Menopause is the “gift” that keeps on giving. With 34 associated symptoms that can easily be ascribed to a myriad of other health conditions, it can be impossible to know if what you’re experiencing is tied to menopause without a hormone test. Each week this series will break down symptoms to empower women to take back control of their health and enjoy some relief.
You may wonder why you’re suddenly experiencing the horrors of teenage acne as an adult. Diet and skincare products may play a role, but if you’re a woman whose adolescent source of insecurities has radically returned in your 40s or 50s, there is a very good chance it’s related to hormonal imbalances.
What Causes Menopausal Acne?
The same factors that cause teenage acne are often similar contributors to adult acne including excess oil production, pores becoming clogged by "sticky" skin cells, bacteria, and inflammation. When it comes to menopause-related acne, a decline in estrogen levels can lead to an increase in androgen levels. Androgens are male hormones that can stimulate the production of sebum, the skin's natural oil. Excess sebum can clog pores which lead to acne breakouts.
Menopause is also notably quite stress inducing due to other symptoms like anxiety, depression and brain fog which we will get to in a future article. Stress triggers cortisol in the body and in turn increases oil production.
How Do I Know My Acne is Menopause Related?
Hormonal acne can show up as whiteheads and pimples, but often takes shape in the form of cystic bumps. These develop deep under the skin, and are extremely painful and tender. Unlike the aberrations of our youth that appeared on an oily T zone, these tend to show up around the jawline, chin and mouth. They also love to stick around for weeks and even after subsiding, have a tendency to return to the scene of the crime and show up in the same area.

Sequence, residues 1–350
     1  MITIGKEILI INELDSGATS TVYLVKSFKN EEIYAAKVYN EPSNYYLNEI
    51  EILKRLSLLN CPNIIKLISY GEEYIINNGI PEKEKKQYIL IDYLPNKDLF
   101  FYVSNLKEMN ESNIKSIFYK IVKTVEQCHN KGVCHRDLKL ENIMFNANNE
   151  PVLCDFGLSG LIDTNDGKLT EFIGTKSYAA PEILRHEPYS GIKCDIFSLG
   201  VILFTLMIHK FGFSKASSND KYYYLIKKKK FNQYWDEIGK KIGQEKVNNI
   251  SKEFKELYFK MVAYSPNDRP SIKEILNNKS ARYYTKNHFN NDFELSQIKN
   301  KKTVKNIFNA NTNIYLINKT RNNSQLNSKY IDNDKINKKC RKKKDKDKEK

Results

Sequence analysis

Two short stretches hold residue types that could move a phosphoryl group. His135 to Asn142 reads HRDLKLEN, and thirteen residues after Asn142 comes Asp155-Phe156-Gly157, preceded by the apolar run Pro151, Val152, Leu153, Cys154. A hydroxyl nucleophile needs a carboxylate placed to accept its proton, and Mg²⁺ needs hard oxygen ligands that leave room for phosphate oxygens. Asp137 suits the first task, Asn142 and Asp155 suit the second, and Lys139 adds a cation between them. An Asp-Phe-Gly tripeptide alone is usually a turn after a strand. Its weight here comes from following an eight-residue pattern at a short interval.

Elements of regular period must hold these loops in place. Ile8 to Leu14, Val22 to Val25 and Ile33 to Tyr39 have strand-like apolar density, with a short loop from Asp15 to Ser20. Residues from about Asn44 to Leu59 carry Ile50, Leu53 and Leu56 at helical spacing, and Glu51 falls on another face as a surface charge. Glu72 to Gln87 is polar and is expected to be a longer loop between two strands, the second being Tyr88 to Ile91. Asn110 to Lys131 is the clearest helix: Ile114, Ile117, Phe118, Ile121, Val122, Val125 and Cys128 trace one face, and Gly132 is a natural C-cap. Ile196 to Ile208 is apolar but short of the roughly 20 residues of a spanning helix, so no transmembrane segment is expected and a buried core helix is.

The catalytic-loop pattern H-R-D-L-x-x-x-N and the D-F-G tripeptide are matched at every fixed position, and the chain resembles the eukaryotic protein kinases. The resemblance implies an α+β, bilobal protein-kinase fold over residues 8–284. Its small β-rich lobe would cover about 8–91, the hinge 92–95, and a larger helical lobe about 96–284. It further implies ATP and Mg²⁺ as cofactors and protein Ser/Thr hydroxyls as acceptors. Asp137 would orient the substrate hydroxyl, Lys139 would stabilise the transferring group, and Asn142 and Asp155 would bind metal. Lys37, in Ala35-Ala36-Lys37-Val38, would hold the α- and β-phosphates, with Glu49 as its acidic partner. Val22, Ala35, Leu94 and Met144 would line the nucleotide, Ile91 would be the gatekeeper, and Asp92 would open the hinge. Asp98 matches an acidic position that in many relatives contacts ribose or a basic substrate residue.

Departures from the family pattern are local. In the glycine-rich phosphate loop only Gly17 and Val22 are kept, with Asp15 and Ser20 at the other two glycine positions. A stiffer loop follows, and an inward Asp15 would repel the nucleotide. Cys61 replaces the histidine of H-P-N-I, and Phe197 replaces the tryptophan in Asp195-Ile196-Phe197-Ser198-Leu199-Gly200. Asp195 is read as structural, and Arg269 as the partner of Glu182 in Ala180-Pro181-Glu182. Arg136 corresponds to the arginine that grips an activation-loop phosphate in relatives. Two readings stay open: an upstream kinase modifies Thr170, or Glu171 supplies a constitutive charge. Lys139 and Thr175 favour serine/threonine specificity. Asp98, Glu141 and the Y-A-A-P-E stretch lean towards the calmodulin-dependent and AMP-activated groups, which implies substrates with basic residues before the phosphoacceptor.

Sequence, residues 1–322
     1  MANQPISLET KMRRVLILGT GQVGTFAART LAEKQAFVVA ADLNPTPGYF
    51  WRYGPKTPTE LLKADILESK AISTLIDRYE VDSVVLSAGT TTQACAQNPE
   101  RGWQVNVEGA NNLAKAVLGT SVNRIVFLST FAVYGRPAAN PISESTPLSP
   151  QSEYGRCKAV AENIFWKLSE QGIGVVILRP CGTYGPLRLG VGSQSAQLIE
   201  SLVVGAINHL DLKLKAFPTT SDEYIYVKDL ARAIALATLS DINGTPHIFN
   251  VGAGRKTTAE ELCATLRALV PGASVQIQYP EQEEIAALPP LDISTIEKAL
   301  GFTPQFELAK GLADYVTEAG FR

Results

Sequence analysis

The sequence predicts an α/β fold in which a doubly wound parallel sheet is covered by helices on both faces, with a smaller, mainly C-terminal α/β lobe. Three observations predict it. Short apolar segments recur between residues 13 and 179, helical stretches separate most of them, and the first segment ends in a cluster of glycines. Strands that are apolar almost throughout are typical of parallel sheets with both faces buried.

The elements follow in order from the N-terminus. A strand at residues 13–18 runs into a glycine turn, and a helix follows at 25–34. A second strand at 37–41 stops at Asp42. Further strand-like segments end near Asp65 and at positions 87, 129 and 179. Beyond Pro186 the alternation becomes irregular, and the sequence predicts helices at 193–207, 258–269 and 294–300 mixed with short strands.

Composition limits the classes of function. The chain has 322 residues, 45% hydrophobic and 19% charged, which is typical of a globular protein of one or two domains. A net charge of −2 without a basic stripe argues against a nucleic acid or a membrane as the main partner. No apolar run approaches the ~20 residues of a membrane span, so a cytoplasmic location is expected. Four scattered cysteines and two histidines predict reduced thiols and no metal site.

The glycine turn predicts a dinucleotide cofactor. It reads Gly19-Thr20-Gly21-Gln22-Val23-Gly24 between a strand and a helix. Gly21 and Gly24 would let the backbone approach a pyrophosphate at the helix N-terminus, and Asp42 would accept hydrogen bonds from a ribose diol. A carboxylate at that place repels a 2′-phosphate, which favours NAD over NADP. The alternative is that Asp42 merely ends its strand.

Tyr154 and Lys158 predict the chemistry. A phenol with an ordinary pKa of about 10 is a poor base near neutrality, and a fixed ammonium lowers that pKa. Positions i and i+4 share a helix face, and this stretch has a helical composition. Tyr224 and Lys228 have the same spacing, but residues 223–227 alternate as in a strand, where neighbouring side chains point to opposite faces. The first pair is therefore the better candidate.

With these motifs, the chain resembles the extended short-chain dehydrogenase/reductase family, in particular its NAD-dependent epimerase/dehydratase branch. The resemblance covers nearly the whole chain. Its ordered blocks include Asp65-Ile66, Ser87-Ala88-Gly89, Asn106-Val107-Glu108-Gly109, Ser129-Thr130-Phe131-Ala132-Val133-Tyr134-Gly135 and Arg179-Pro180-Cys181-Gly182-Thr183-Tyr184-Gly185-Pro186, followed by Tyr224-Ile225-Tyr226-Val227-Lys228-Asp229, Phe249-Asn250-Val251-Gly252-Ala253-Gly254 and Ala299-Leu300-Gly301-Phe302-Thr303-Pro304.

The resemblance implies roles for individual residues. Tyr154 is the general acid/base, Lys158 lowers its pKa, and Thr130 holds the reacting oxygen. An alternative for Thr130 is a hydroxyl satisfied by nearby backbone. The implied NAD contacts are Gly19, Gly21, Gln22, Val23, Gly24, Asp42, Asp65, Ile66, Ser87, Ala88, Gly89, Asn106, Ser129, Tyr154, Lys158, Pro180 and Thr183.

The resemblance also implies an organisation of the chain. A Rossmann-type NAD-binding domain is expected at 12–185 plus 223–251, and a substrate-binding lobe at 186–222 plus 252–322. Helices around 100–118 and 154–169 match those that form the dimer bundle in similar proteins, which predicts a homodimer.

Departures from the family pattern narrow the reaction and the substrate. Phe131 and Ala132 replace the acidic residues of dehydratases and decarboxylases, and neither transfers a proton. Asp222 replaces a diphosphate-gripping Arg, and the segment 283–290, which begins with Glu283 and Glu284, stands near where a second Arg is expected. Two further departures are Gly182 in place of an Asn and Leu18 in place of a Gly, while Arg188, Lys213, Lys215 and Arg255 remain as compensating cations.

What Else Causes Adult Acne?
As we age, our skin becomes more sensitive, especially as we lose elasticity and collagen. Hair products, skin care products, and makeup can all clog pores or have skin irritants that cause skin to dry out, which leads to an overproduction of oil to compensate for that loss of moisture. Diet can also influence inflammation throughout the body; another stressor that leads to oil production. And, some medications, including corticosteroids, anabolic steroids, and lithium, can also cause acne.
Acne can be a red flag of a systemic condition like polycystic ovarian syndrome, or other endocrine disorders, so it's important to consult with a healthcare professional who can also conduct a hormonal test to see if skin issues are linked to menopause.
What Are My Treatment Options?
Acne can have a significant impact on morale and confidence. Thankfully, it’s fairly easy to treat with options such as:
When Should I See A Doctor?
While acne may not be a life threatening symptom of menopause, you should see a doctor if your acne is severe or persistent, it’s causing emotional distress or anxiety, and most importantly, if it’s accompanied by other symptoms like hair loss, irregular periods, or hot flashes. Your healthcare provider should assess the severity of the acne and recommend the best treatment option. It’s also best practice to rule out other possible causes of the acne, such as an underlying medical condition or a reaction to a medication.
Join millions of men and women who are improving their health by ordering the Wellcore At-Home Assessment Kit today.
1 in 10 will develop a thyroid issue. The odds go up if you’re a woman.
Navigating Holiday Stress Amidst the Menopausal Rollercoaster.
Unraveling the Differences Between Natural, Bioidentical, and Non-Bioidentical Hormones.